night sky

night sky

While we were eating dinner last night, Venus appeared in the western sky, hanging clear and silvery against the deep blue horizon. Through the big firs, fragments of constellations. Orion, the Bear, and a wild glitter of bright stars across the heavens. When I got up in the night to pee, I think it was Betelgeuse setting to the north-west beyond Mount Hallowell, huge and red.

Just after we turned out our reading lamps, the coyotes started singing. It’s mating season and we could hear the female yipping, the male in hot pursuit, his voice reverberating with a rich vibrato. I’ve written about the coyotes before but every year it’s new. Every year, the reminder of adjacent lives, cycles, and constancy.

At my desk, I look up to see two large brindled coyotes lope out of the bush and across the grass in front of my study. In the past,I’ve heard coyotes in the woods just south of our house and suspect there’s a den there used year after year. Once, reading in bed late at night, my husband and I heard a pair mating— the rhythmic grunts and growls, the high-pitched squeals, a passionate duet, tempo changing until all we could hear was an urgent expressive finale, and then silence. Though running, these two also seemed at ease in their surroundings, coming out of the woods where there’s a rough game trail used by deer and elk, and crossing the grass as though they’d done it many times before, on their way to the orchard. I called my husband to see, but by the time we opened the back door, they’d disappeared.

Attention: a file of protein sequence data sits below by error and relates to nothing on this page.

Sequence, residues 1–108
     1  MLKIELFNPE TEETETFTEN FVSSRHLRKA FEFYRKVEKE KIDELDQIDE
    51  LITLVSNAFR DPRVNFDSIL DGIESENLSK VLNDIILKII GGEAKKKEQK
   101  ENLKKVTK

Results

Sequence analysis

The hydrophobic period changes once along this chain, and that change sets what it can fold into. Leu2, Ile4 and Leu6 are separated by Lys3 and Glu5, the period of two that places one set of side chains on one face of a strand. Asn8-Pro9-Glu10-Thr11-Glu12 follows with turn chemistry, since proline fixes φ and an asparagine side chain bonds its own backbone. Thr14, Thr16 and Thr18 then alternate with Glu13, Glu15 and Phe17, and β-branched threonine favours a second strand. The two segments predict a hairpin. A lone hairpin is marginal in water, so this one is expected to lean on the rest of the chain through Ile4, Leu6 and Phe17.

—from “Euclid’s Orchard”, Mother Tongue Publishing, 2017.

2 thoughts on “night sky”

  1. What a purely delightful post. I’m so glad I read your intriguing line over at Kerry Clare’s Gleanings. I used to feel a deep-in-the-gut fear when we heard the nightly howl and yip of the coyotes. But your post is the exact opposite. I love reading about the coyotes as you have portrayed them. Warmest thanks.

    1. I’m glad you found me! This particular coyote couple (they mate for life, as a rule) has been around for more than a decade, or at least a couple has been, and it might be one of their offspring, mated. We’ve seen the pups in summer, nosing around, eating salal berries. I know they’re wild and I don’t want to tame them but I love their adjacent lives, the beauty of their music, the occasional sight of them in our old orchard, loping across the grass.

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